The use of a test which is accurate for immunocompromised individuals is particularly important in regions which have a high prevalence of HIV infection, as the lifetime risk of LTBI developing into active TB in those living with HIV is 50%. Africa has the highest TB incidence rate in the world, mainly due to the HIV epidemic. In 2008, 1.4m TB patients were co-infected with HIV.

Another testing option for LTBI is the more expensive and complex interferon gamma release assays (IGRA). Unaffected by prior BCG vaccination, these tests are more specific than the TST and of similar sensitivity. They are more accurate in those with HIV however there is much room for improvement.

Crucially, there is currently no way of predicting when a healthy individual with LTBI will progress to active disease.

 

Eradicating TB by tackling drug resistance

Another important pool of TB which can ‘hide’ from current diagnostics and treatment, from which new cases spring, is drug resistant TB. A recent study in Cape Town found that of 138 TB patients, all had a strain which was resistant to at least two of the frontline drugs. 40% had a strain which was resistant to all frontline drugs, and 25% were also resistant to second-line therapies.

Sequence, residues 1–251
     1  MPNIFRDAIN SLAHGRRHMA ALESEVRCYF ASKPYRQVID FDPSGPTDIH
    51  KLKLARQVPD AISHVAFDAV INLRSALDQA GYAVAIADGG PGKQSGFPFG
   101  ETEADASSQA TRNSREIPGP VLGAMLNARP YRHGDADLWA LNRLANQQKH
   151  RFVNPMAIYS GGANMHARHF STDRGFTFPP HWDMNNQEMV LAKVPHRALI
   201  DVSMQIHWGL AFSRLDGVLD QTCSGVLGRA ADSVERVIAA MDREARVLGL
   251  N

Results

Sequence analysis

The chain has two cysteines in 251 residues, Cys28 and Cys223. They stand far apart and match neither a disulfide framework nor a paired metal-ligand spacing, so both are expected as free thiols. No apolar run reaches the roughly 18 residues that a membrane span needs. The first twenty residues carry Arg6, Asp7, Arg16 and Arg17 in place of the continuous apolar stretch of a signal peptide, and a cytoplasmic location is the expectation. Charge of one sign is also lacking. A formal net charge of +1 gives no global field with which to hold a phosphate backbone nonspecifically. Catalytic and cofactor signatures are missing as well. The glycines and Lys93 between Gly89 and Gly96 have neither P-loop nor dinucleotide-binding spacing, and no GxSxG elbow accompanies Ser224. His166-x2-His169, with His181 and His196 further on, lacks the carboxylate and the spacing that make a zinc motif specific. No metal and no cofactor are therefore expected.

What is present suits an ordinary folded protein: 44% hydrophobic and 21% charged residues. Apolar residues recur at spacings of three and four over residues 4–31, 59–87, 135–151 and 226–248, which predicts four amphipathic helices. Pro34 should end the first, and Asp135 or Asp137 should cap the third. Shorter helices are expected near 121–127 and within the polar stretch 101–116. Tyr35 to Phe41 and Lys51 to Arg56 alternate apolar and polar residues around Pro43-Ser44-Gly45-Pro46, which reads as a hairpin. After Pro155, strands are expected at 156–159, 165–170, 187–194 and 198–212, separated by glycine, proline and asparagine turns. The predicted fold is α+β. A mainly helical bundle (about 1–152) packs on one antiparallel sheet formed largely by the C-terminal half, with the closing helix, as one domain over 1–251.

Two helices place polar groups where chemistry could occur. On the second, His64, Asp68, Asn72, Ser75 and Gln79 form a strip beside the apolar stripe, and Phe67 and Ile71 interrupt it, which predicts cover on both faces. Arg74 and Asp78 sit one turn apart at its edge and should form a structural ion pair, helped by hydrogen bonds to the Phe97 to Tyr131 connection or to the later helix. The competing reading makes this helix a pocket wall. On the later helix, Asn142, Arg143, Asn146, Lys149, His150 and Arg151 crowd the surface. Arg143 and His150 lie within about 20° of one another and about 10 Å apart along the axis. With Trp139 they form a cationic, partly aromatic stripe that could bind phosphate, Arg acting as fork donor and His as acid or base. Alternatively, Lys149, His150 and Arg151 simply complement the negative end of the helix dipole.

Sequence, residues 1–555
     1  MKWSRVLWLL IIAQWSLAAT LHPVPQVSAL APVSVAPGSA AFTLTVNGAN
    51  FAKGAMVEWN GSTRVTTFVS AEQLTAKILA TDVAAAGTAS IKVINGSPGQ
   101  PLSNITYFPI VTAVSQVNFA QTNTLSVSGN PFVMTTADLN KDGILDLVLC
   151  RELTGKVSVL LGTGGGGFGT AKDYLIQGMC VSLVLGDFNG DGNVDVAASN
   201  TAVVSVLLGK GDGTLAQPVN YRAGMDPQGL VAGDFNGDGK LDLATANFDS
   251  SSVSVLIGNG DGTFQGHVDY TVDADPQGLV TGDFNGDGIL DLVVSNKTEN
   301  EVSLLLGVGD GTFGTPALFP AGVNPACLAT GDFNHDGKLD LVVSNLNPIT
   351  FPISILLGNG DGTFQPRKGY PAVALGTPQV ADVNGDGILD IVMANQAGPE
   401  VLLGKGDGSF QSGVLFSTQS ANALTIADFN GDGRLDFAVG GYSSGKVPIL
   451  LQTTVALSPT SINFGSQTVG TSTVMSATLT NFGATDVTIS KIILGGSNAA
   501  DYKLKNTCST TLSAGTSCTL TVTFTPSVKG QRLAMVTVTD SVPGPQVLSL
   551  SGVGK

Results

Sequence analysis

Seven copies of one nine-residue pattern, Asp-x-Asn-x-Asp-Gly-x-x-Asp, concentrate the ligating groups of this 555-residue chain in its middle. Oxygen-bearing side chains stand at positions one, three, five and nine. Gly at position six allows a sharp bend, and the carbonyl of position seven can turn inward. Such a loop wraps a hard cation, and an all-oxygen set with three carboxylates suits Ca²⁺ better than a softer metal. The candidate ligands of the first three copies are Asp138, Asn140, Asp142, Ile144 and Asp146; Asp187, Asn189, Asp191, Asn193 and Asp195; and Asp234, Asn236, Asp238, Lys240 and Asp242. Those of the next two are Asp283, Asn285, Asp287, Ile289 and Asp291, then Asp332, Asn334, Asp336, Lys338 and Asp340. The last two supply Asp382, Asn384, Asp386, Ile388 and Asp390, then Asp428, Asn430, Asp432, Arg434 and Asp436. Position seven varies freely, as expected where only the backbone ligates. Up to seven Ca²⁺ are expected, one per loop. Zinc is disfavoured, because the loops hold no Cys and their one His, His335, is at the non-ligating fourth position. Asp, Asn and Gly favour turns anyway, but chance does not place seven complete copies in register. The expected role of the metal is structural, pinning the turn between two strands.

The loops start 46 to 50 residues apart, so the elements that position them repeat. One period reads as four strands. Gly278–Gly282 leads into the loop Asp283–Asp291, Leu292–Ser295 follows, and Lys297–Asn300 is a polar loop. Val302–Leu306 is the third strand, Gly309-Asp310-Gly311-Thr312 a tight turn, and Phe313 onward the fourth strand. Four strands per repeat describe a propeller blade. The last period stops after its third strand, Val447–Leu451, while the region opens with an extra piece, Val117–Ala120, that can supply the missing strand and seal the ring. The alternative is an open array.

Current drug susceptibility testing technologies are struggling to meet the requirements of the current TB epidemic. Technical shortcomings such as reliance on high level infrastructure and skillsets limit the accessibility of these technologies, reducing their reach and subsequently their impact. According to the World Health Organization (WHO), in 2014 only one in four MDR-TB was diagnosed.

The work horse of TB testing is smear microscopy, a century-old procedure which must be run by a skilled technician with a good eye. Diagnostic sensitivity for this test is low, with as many as 50% of active infections missed. As such, healthworkers often rely upon empirical diagnosis, based upon two or more weeks with a persistent cough and a chest x-ray. Confirmation is made several weeks later with a culture and it is then that the patient begins treatment.

Crucially, these diagnostic methods do not detect LTBI or drug resistance. Drug resistance only becomes apparent upon treatment failure, or upon further culture which is rarely carried out.

 

Equipping our healthworkers to tackle TB